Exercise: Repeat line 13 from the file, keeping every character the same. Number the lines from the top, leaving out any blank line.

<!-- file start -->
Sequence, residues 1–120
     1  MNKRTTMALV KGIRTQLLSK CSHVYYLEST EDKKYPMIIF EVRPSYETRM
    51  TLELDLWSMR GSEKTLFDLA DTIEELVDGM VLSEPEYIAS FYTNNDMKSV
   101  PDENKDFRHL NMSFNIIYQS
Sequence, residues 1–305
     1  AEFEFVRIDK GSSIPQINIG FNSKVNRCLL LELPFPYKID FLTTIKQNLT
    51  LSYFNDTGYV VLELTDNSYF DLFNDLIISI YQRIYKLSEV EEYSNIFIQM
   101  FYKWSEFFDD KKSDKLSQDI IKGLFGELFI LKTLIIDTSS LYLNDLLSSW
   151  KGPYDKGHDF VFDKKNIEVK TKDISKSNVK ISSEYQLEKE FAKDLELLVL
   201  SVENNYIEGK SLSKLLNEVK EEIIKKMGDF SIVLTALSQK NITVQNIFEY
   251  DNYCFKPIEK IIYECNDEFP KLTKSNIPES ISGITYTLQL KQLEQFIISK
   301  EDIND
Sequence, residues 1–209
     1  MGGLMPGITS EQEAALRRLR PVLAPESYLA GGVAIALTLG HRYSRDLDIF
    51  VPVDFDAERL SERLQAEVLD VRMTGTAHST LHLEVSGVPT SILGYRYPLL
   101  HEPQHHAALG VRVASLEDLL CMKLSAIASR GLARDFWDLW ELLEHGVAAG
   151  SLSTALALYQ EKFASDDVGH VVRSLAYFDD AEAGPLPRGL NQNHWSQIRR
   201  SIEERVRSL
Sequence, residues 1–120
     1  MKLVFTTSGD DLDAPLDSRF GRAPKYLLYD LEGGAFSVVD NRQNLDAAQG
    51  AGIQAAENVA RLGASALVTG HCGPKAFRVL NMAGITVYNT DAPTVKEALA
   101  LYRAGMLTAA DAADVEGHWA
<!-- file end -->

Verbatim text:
Sequence, residues 1–209